Speaking from Sacramento, where his team, the Surge, will play the London Monarchs today in the first sold-out game in World League of American Football history, Shawn Knight says he's not in it for the money.
Or for the helmetcam; or the neon uniforms; or the chance to see Europe; or the rare opportunity to have two rookie cards in one professional football career."This has been kind of like my own little self-improvement seminar," Knight, four seasons removed from his playing days at Brigham Young, says of his involvement with the first-year WLAF. "I'm pretty typical of the guy in this league. Everybody came in from about the same situation. They'd been released from one NFL camp or another. They came here trying to get some good film time. So they could show what they've got. Everybody can play. Everybody was a star in college. They've got a million excuses why they didn't make it in the NFL. They had bad timing, or they had to beat out an all-pro, or the money was wrong. Lots of reasons."
For Knight, who was released from the Minnesota Vikings training camp last fall after three seasons in the NFL that included stops in New Orleans, Denver and St. Louis, spring football in the WLAF has allowed him to get his own good film time. As we speak, action videotapes of the Surge's outstanding defensive end are making their way to NFL film rooms.
Knight, the anchor of Sacramento's defense, isn't hard to find on the tapes. Nor are the rest of the Surge, whose uniforms, like the rest of the teams in the WLAF, are hip and colorful. "But our green isn't like Orlando's green, which is kind of a lime green," says Knight with disdain. "Our green is kind of turquoise green, in contrast to our bright yellow. You can see us coming a mile away."
The Surge have had a rough year, record-wise. They take a 2-6 mark into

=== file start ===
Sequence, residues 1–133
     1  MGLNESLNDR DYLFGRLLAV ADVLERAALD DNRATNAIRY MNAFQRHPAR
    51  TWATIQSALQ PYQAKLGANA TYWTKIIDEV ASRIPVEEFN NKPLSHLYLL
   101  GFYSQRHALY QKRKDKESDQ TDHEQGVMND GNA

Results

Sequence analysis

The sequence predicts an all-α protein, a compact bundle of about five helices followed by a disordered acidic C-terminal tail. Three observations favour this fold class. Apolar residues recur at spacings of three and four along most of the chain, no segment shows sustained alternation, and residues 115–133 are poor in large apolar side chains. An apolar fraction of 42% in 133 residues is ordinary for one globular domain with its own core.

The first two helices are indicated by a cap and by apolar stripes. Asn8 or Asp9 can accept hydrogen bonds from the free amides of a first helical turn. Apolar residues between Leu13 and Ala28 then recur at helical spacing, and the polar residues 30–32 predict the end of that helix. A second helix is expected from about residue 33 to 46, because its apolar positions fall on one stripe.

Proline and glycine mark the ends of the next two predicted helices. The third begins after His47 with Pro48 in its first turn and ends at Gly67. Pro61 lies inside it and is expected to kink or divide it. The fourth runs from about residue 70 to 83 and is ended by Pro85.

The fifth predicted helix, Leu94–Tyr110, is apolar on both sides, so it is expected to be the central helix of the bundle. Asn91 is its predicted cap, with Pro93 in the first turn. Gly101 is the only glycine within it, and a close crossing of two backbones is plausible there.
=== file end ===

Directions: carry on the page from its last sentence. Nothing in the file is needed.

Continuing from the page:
today's game with the Monarchs, the league leaders with an 8-0 mark and the chief reason the 23,000 seats in Sacramento's Hughes Stadium were sold out ahead of kickoff.
"We're the team that finds every way to lose," says Knight. "We've been in two overtimes. With the exception of one game, all our losses have been by a touchdown or less."
Still, that hasn't stopped Knight from having a good season personally, or from being included in this spring's first edition of ProSet's World League series of football trading cards. Knight's card is a rookie card, but, then, every player in the league is a rookie. He also had a rookie card in 1986, the year he signed out of BYU with the NFL's Saints.
"You might want to hang on to this one," he says of his WLAF card, "they might be worth something someday."
That is contingent on the World League staying in business, and on Knight staying in business, although not necessarily in the WLAF.
"I've heard a few things from the NFL," he says, "But I really don't want
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to get into that yet."
First, he's got the last two games of the Surge's season to get out of the way, including today's game with London and next week's regular season finale in Frankfurt, Germany. That game will be the Surge's first European road trip of the season. "I've heard a lot of weird stories about playing over there," says Knight, "but all we've seen so far is the United States."
All told, he'll make about $27,500 for his WLAF season. "There's a base league salary of $20,000," Knight explains, "and you can make another $7,500 in incentives. I guess that's not a bad amount of money for 15 weeks' work, but, still, for the pounding you take, you better enjoy it."
For his $27,500 he has not been required to wear the league's innovative helmetcam, a camera-in-a-helmet device that gets the WLAF good film time on the 11 o'clock news. "Mostly just quarterbacks wear them," says Knight. "If they put one in my helmet all it would show on most plays is me staring into the eyes of some offensive lineman."
If his self-improvement seminar pays off, Knight will be back in the NFL this fall, looking at drab uniforms, quarterbacks without helmetcams, no games in Frankfurt, and a salary increase that would raise him about 14 tax brackets. If it means two seasons this year, Knight says he can handle that. "I'd have a month or so to rest the joints," says Knight, "and I'm still young." A rookie, as a matter of fact.